brothers and sisters; all these things cause me today to recall publicly the old
truth: "Justitia est fundeamentum regnorum", justice is the only secure
foundation of every form of government.
The right to live, to be unmolested, the right to liberty is an indispensable
part of every ordered community life. Certainly the State is justified in
limiting this right of its citizens by way of punishment; but this authority the
State only has vis-à-vis offenders against the law whose guilt can be proved by
means of impartial legal proceedings. The state which oversteps this divinely
willed limit and allows or causes the punishment of innocent people, undermines
its own authority and every regard for its sovereignty in the minds of the
Unfortunately during the last few years we have repeatedly had to observe
that more or less heavy penalties, mostly in the form of deprivation of liberty,
were imposed without any crime having been proved against the victims by a
regular legal procedure, and without their being given the opportunity to defend
their rights or to prove their innocence.
How many Germans are languishing in police detention or concentration camps,
who were ejected from their homes, who were never condemned by a public court or
who, after being acquitted by a court or after serving the sentence imposed by
the court, have again been taken into custody by the Gestapo and held captive.
How many have been driven out of their home and out of the place where they
work! I recall again the Reverend Bishop of Rottenburg, Johannes Baptista
Sproll, an old man of 70 years, who recently had to celebrate his 25-years
jubilee as bishop far from his diocese, because three years ago the Gestapo
turned him out of his bishopric. I mention once more the two members of our
Cathedral Chapter, the Reverend Gentlemen Vorwerk mad Echelmeyer. I recall our
most honoured teacher of religion, Friedrichs, who is languishing in a
concentration camp. I will refrain from mentioning any further names today. The
name of an evangelical man, who risked his life for Germany as a German officer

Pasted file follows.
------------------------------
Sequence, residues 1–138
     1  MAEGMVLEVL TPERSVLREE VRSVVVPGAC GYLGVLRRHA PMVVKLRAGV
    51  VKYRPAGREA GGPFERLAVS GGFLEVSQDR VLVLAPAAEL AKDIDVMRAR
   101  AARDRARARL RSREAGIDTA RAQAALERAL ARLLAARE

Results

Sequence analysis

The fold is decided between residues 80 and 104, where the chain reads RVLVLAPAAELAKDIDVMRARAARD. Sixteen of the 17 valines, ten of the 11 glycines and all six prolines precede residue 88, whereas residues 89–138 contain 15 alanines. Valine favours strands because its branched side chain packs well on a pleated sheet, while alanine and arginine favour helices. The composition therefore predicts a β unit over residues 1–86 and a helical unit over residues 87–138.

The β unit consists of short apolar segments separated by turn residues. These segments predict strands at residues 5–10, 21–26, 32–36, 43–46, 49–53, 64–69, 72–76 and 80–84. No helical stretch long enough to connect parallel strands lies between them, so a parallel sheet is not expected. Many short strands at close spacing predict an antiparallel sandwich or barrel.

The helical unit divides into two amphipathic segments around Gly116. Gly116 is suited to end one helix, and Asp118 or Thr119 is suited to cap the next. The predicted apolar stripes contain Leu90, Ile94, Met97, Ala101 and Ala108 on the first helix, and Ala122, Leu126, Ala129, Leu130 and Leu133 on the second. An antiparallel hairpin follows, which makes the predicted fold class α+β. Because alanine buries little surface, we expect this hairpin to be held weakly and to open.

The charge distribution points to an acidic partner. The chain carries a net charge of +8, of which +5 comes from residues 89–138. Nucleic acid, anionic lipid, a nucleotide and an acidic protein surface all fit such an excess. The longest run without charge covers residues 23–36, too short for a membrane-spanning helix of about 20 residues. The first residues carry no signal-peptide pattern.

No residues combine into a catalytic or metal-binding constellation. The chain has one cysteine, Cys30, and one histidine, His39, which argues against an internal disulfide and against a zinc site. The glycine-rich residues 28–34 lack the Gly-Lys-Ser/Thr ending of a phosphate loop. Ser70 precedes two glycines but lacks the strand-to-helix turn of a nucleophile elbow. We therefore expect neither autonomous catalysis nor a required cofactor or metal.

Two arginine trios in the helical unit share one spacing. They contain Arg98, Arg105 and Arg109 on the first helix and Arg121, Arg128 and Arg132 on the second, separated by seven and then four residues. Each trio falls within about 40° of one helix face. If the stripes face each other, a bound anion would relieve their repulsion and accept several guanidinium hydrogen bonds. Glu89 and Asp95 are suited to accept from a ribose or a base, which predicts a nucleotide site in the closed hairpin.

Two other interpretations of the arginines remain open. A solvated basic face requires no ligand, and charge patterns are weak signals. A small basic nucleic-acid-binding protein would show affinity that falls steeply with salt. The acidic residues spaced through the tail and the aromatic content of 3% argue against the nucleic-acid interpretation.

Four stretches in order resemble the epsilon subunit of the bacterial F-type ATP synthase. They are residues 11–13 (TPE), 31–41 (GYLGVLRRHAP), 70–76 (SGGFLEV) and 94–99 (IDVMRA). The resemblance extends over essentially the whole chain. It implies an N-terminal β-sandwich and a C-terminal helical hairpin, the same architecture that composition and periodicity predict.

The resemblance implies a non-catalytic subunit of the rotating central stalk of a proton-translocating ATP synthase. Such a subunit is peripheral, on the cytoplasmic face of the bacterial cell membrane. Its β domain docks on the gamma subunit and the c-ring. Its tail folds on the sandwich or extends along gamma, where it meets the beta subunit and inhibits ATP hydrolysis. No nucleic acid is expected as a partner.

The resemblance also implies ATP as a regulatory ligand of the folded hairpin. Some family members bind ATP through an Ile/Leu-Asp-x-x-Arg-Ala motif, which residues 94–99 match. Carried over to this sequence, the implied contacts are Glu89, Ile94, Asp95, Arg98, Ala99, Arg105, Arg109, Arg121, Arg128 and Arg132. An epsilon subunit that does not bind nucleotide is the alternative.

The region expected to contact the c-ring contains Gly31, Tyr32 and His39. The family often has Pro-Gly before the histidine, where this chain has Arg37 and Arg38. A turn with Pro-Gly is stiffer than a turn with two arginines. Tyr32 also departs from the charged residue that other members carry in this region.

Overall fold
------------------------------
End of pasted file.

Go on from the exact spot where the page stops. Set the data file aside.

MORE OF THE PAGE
and submarine commander during the World War, and who has for years been
deprived of his liberty, is well known to all of you, and we have the greatest
regard for the bravery and religious courage of this noble German. (Pastor
Niemoller is meant-remark of the copier.)
From this example you can see, my Christians, that it is not merely a
Catholic concern about which I speak to you publicly today, but a Christian, yes
a human and national, a religious matter.
"Justice is the foundation of States"! We observe with great sorrow today how
the foundation is being shaken, how justice, how natural and Christian virtue,
indispensable for the ordered existence of every human community, is not being
preserved and held up unmistakably recognizable for all. Not only because of the
rights of the church, not only for the right of human personality, but also for
love of our nation and in deep concern for our country, we ask, we demand:
"Justice"! Who would not fear for the existence of a house when he sees the
foundations being undermined?
"Justice is the foundation of states"! Only when the possessors of state
power bow in reverence before the royal majesty of Justice and use the sword of
retribution only in the service of Justice; only then can the power of the State
stand with sincerity and the chance of lasting success before the illegal use of
force by those who are accidentally the stronger, before the suppression of the
weaker and their debasement to unworthy servitude.
That holder of office will be able to count on an honest following and the